Lena Revenko



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August 9, 2018 / 23:18
More than year ago

Magic Forest exhibition, part 1

I take part in Documenta 1, the multi-art exhibition in Froots gallery in Shanghai, and I was asked to tell some stories behind my art. Sometimes when I tell my stories people are disappointed, because they have their own stories and connections. So I usually more curious to ask what the visitors feel and think about my works without giving any clear answer. But sometimes I do share my inspirations, and here are some of them:

Demon, sitting.
…He wandered, now long-since outcast;
his desert had no refuge in it:
and one by one the ages passed,
as minute follows after minute,
each one monotonously dull.
The world he ruled was void and null;
the ill he sowed in his existence
brought no delight. His technique scored,
he found no traces of resistance —
yet evil left him deeply bored.«
(M. Y. Lermontov „Demon“)

This is my homage to Russian artist Mikhail Vrubel’s work „The Demon Sitting“. It used to be my favorite painting when I was 13. I am not sure why, but I liked that this strong, handsome and full of power Demon can be sad, quiet and almost crying. Vrubel was a symbolist. Symbolism was an art movement in the beginning of XX century. Symbolists (very briefly) wanted to show some comlicated feelings and emotions. They took archetypal characters that already has meaning for most of the people (like demon, angel, princess, knight etc) and show the feelings on them.

Demon, Sitting

My Demon is a Black Fox. I use this character in other paintings, and this is how I imagine Don Juan. My Black Fox comes to lonely women and seduces them. But he also has his moments of loneliness and sadness…

more about symbolism, Vrubel, and his Demon

Old Acquaintance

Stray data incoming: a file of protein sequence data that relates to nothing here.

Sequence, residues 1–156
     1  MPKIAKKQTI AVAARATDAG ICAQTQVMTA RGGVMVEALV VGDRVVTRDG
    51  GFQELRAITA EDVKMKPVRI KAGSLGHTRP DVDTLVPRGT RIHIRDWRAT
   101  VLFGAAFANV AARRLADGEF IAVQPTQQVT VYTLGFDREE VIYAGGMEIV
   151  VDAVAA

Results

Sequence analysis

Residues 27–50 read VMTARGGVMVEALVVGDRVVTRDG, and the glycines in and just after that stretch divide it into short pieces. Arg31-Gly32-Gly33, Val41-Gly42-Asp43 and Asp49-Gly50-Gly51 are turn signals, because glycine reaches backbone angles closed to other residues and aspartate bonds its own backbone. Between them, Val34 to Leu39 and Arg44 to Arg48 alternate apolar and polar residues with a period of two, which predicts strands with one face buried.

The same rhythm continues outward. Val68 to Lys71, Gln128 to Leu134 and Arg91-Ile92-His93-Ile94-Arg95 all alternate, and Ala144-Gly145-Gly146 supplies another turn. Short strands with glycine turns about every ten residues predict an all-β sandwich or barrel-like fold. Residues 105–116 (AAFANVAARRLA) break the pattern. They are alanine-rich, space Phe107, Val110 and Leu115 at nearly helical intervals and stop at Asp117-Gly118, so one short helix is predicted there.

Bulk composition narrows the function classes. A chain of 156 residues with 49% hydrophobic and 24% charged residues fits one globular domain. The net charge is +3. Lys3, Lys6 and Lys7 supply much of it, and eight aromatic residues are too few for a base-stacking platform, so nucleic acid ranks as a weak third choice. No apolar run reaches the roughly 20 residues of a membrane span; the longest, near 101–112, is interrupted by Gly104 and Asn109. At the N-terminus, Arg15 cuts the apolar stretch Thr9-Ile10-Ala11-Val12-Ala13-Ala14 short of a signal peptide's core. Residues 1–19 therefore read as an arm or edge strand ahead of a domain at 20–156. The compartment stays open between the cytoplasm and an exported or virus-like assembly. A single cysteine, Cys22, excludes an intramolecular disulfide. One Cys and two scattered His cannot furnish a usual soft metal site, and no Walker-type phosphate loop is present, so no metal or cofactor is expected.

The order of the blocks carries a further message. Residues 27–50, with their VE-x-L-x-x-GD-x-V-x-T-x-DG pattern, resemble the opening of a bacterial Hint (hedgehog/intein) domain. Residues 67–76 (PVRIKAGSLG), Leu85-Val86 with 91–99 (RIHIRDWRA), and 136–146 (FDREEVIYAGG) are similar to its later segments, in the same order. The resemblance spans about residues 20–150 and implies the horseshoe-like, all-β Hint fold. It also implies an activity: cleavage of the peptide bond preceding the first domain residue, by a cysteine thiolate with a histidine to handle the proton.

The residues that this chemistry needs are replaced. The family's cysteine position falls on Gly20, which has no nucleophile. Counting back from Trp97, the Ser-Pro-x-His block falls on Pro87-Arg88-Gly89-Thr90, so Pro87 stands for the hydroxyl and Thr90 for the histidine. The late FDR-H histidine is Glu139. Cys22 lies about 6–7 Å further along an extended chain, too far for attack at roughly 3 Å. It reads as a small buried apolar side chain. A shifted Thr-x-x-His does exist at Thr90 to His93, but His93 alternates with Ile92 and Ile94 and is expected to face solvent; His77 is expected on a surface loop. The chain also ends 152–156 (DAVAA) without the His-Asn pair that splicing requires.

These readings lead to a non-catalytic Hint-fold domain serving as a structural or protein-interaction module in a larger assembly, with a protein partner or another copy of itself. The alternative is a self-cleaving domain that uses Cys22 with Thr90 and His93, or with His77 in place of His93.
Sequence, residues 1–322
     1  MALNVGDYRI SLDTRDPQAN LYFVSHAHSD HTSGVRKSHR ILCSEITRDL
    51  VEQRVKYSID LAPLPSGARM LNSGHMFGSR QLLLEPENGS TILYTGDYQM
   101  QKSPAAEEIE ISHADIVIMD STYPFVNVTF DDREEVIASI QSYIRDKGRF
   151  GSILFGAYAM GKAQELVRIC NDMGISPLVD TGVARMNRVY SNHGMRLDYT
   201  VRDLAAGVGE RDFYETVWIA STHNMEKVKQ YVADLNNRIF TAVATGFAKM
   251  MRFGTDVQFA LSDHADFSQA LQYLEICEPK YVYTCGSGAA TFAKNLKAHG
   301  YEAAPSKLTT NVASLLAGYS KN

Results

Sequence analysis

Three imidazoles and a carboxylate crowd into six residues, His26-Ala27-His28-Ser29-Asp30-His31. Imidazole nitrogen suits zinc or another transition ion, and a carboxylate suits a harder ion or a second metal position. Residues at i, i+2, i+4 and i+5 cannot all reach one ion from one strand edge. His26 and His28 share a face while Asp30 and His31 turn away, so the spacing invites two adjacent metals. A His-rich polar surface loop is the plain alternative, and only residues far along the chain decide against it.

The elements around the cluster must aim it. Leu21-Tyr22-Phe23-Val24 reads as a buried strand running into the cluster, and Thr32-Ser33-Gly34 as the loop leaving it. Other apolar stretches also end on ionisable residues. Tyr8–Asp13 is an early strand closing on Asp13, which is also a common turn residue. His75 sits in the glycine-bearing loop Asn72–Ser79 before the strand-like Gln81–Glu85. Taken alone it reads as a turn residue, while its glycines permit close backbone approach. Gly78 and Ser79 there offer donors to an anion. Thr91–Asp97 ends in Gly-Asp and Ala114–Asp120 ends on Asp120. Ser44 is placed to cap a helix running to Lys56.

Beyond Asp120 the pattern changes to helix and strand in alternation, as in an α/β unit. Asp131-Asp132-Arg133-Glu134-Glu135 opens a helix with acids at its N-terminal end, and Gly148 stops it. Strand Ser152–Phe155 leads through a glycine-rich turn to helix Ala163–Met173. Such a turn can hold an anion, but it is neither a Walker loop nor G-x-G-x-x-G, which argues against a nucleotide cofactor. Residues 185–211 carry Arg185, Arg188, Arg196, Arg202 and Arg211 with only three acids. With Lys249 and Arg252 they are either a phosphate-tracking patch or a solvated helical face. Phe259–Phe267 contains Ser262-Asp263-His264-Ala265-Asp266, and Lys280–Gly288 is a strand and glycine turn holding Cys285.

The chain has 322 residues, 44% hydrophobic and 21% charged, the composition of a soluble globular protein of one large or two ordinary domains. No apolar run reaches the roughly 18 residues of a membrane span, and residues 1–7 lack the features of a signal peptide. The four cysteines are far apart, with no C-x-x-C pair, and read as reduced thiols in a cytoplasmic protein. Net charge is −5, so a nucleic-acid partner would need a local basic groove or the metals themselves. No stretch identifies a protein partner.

When I was 4-5 years old, I was often ill and sent to my grandparents. For my entertainment my grandfather was reading me by heart long poems. My favorite was „The Little Humpbacked Horse“. It was about cool little magic pony who helped not very smart guy Ivan to get anything he wanted. I still have this book in my studio:


It was a very nice old animated movie, too. The horse has very long ears, and Ivan holds them while riding.


So, it is not surprising that I put this little animal in our Magic Forest. While drawing it, I was thinking — what if all the magical creatures know each other in a way? Like they go to a magic conference once a year to catch up about new magic techniques etc. What if suddenly my little horse meets, for example, Daruma, a Japanese talisman doll for good luck? I have a Daruma doll I bought in old shop in Kyoto, and was always wondering, why the doll that brings good luck looks so angry?


And also I wanted to show this awkward moment, when you suddenly run into somebody from your past:

Old Acquaintance

on the way to a tea party

Recently I was reading my kids a very cute book — „The Tiger Who Came to Tea“ by Judith Kerr:


It’s about a hungry tiger that comes (without invitation) to a little girl Sophie and her mom, eats all their food and drinks all the drinks. I found also a funny „realistic“ version on twitter:


So, what happens if you let the hungry tiger come to your home for tea? By that time I was obsessively collecting images of tigers, mostly korean and chinese:


The tiger in Asian mythology often comes as a Bad Wolf in European fairy tails, you shouldn’t open a door for him. So my tiger, I found it ambivalent. He is bringing the tea with him, and prepared for a traditional tea ceremony, but as schrodinger’s cat, he has inside the potential to be a nice guest or to become a nightmare.

on the way to a tea party

btw, another work, Get Lost, also inspired by vintage tigers. Like on this old chinese rug, I saw many images, mostly from China and Korea with a magpie and a tiger:


»Tigers and magpies is one of the iconic subject matters of Korean folk painting. A magpie is chirping on the top right hand corner and on the centre is a tiger, almost filling the entire painting. The tiger’s body is especially exaggerated and its face looks rather silly so that it seems more familiar than authoritative. The magpie, on the other hand, is painted in a livelier manner, making it look as if the magpie, which represents ordinary people, is scolding the tiger, representing corrupt officials. Originally, tigers and magpies were both symbols for good fortune, but they developed into a major theme in folk paintings as their relationship became more and more satirical.«

In my version the bird pisses the tiger off, she is mocking him, by transforming into a cat:

Get Lost

Tags: inspiration, my art, process

Magic Forest exhibition, part 1

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